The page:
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It has been almost six years since an 86-year-old California driver
killed ten people when his car ran out of control in a shopping mall parking
lot. But the raging controversy it ignited, over what to do about elderly
drivers, has not died down.
Florida, the state with the highest percentage of drivers over age 65, was the
first to establish safety resource centers to specifically test elderly
drivers' vision and decision-making behind the wheel. And Orlando, Florida,
became the first U.S. city to give its evaluation center the authority to
revoke the driving privileges of anyone deemed to be a risk on the road.
But many states still automatically renew the licenses of everyone who has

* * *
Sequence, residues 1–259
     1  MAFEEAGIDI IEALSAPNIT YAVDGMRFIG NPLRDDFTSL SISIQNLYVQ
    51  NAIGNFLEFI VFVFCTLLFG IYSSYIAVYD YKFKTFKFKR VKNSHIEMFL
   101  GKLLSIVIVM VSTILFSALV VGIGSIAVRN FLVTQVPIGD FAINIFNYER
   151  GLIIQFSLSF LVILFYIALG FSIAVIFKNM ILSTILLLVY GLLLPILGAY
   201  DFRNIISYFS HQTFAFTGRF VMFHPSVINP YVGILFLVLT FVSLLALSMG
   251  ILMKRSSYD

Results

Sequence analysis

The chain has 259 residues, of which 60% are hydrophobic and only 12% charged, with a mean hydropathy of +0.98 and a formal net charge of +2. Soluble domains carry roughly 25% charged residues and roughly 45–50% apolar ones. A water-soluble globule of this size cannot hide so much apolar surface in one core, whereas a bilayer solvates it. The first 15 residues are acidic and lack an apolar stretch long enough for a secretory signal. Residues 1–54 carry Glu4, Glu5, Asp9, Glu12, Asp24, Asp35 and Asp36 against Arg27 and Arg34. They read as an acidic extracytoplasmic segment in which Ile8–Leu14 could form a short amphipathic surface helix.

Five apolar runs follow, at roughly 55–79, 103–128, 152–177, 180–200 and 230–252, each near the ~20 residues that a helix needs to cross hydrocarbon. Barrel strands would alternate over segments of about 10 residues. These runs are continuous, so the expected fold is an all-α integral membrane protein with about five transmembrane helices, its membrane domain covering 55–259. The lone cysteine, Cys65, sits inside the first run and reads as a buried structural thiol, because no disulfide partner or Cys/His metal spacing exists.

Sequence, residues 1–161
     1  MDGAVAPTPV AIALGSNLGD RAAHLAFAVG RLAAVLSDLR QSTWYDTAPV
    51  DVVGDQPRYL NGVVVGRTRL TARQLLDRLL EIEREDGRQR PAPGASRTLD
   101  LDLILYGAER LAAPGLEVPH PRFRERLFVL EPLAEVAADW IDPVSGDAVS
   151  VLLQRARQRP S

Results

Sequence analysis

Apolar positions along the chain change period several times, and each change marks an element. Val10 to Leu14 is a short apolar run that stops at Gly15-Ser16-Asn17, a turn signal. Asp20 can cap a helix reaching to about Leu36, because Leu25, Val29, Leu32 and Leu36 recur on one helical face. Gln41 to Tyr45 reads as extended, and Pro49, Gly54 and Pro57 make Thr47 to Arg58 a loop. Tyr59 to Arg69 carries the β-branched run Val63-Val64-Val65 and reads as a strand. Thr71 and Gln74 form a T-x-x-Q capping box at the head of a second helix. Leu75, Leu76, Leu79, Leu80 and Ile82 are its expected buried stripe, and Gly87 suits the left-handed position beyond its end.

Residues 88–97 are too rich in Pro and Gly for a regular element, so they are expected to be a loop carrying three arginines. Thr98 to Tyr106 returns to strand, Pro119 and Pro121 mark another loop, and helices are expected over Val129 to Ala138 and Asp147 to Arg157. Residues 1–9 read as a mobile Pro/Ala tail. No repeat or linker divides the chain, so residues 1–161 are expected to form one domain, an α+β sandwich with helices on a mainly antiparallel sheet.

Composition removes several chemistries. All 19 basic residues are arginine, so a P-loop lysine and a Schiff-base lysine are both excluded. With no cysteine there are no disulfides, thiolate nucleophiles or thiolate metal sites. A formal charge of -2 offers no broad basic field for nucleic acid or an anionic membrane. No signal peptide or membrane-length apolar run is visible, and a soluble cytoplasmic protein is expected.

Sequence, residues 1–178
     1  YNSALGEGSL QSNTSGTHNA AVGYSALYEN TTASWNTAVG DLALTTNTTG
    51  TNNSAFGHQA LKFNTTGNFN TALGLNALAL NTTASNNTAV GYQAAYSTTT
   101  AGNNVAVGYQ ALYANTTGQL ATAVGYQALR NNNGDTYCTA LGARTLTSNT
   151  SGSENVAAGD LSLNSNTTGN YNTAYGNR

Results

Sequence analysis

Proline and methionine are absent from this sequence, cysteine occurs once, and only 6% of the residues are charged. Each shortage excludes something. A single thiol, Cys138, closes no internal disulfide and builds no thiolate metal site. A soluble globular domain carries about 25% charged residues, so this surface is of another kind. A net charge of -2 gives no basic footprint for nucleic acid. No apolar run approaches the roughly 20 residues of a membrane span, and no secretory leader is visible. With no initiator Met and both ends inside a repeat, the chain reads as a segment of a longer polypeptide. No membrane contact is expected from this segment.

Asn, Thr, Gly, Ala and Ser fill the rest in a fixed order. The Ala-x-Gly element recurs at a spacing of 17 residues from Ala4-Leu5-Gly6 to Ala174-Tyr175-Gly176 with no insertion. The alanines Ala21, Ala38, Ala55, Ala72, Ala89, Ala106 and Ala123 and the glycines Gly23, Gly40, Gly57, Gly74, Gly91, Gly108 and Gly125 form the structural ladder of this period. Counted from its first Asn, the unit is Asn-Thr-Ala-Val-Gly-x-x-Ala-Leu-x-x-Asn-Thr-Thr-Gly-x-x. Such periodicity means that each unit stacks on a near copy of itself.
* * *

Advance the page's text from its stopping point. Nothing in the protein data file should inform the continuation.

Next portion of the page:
maintained a good driving record.
Debate over the fitness of older drivers rages in newspapers and online. Many
elderly drivers and their supporters say they obey the rules, drive more
courteously and cautiously than younger drivers, and don't do much
long-distance driving on highways, where accidents can be deadly. Often, they
say, there are few or no bus or subway alternatives, and they cannot afford
regular travel by taxi.
But others say slow-poke older drivers clog the road and ignite dangerous rage
in other drivers. They point out that even old folks who are slipping into
dementia and have no business on the road insist upon driving because it's
their last, proud vestige of independent living.
Thus, one of the most difficult tasks for many adults is convincing their
elderly parents that it's time to hand over the car keys as a safety measure to
them and others on and along the road. Sometimes the only argument that works
is a financial one. A crash by an older person with poor eyesight or judgment
may lead to lawsuits that can wipe out a family's savings from a lifetime of